I'll never forget the first time I walked into 121 W. Michigan Blvd.

I was a bright-eyed, 20-year-old college student, hoping to convince then-Sports Editor Jim Hunsley to allow me to do some correspondent work.

I had very little experience and was hoping on a wing and a prayer he would just give me a chance.

Though I'm still not sure why, Hunsley did give me a chance, a day that forever changed my life.

Those first few weeks doing part-time work here were pretty awesome for me. I got to meet and talk to people I considered to be local celebrities, such as the guy who's movie reviews I'd been reading, Andrew Tallackson.

Then there was the sports guy who seemed to be good at raising the ire of the public, Justin Breen, who would soon become my boss and hire me to join his staff full-time.

I've spent basically my entire adult life in this building, eight-plus hours a day, five-plus days a week.

So it's only natural, I suppose, that I become nostalgic as we prepare to vacate this place for our new digs at 422 Franklin St.

You may know that the Redevelopment Commission purchased our building and will eventually tear it down to make room for what will soon become a vibrant, fresh uptown area.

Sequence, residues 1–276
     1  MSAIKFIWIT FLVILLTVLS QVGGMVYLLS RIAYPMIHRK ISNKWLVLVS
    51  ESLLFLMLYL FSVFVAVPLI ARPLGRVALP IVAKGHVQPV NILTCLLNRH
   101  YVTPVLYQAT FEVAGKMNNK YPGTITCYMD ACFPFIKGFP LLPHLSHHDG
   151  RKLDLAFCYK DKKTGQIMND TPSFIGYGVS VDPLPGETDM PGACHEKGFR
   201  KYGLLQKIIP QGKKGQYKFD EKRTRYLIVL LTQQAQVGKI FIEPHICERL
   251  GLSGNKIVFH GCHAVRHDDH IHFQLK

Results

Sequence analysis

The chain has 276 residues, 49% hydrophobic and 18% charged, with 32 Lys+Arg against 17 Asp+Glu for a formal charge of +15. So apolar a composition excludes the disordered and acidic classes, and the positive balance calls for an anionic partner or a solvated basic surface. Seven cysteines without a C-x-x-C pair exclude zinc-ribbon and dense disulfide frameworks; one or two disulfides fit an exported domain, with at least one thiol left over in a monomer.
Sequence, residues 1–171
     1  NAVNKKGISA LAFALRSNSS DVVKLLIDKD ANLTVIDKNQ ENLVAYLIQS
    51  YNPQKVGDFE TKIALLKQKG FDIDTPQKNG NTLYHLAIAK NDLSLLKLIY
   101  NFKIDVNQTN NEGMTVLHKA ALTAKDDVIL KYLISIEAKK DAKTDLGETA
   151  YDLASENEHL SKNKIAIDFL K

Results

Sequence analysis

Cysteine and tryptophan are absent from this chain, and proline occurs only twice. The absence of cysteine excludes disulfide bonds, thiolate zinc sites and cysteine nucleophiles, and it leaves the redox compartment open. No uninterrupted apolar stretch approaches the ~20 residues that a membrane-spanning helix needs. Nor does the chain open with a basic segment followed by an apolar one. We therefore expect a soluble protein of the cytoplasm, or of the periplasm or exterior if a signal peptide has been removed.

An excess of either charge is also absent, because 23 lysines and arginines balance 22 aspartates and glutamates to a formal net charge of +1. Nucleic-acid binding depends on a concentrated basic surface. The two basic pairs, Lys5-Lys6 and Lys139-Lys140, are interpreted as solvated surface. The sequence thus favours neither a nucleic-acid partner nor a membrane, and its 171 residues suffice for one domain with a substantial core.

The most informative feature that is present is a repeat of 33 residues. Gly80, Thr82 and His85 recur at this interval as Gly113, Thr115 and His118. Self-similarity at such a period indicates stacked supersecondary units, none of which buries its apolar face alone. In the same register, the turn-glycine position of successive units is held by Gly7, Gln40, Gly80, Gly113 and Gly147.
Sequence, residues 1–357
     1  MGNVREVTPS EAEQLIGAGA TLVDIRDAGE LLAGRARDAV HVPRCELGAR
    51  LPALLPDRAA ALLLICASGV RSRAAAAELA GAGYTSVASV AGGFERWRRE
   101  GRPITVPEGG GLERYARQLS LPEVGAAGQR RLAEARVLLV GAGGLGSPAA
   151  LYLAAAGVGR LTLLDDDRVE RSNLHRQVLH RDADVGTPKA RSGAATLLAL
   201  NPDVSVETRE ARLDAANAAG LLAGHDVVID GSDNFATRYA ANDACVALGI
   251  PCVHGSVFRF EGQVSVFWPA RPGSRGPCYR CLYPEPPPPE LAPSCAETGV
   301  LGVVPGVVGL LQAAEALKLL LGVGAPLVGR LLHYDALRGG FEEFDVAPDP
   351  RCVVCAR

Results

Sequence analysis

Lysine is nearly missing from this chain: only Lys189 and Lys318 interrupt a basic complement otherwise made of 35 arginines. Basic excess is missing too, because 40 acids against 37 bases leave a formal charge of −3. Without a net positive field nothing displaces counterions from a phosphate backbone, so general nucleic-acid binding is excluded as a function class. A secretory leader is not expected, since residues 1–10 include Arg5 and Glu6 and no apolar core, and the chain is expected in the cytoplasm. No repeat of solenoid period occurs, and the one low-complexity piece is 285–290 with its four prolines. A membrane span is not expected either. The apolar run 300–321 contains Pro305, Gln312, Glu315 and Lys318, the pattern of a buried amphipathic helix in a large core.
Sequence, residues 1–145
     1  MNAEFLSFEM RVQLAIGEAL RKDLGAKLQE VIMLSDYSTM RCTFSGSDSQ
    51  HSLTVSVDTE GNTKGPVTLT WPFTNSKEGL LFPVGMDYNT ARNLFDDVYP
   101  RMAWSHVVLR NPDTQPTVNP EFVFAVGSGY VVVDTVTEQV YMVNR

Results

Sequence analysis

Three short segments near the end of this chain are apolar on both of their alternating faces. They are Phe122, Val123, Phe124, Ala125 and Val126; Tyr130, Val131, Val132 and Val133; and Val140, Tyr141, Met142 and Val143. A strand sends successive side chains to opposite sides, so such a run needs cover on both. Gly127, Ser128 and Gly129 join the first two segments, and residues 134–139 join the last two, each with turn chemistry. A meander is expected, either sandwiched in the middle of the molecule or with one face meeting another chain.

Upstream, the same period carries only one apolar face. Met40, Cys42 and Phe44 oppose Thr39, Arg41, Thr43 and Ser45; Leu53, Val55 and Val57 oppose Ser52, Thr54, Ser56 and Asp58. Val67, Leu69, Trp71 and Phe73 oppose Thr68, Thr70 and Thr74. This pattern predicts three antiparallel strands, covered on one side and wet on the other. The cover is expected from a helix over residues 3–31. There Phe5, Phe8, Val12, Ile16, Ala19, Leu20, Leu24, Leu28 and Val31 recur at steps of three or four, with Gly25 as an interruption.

When the building is gone, it will take with it a lot of memories, at least for me.

Though our press has been gone for some years now, I'll never forget the beast of a machine that churned out thousands of copies of our papers nightly. It would roar as it started, at first slowly spitting out a few papers at a time before speeding up and eventually moving faster than anyone could imagine. I even got to have one or two "stop the press!"moments. I'm sure the press guys didn't enjoy those as much as I did.

On some level, I'll even miss being surrounded by wood paneling. No doubt, when the place was built in the 1970s, wood paneling was all the rage. It eventually went out of vogue, but I can't really imagine my work life without it. The same goes for this awesome blue racing stripe that encircles the newsroom and advertising departments. I think I want to put one of those in my house.

But the real memories here surround the work. The Friday night football deadlines, the way the newsroom sprung to life when major news was breaking, the hours spent meticulously laying out special sections, etc.

Also, the people. I've made a long list of lifelong friends during my now 14 years of employment here and these are relationships I wouldn't trade for anything.

Of course, much of this won't go away. There will still be the work and there will still be the people, just in another location.

But as 121 W. Michigan Blvd. spits out its last copies of The News-Dispatch, I do find myself a bit melancholy.

The time has come to move on, and move on we will.

Farewell, old friend.

Contact Managing Editor Adam Parkhouse at aparkhouse@thenewsdispatch.com or 1-219-214-4170.

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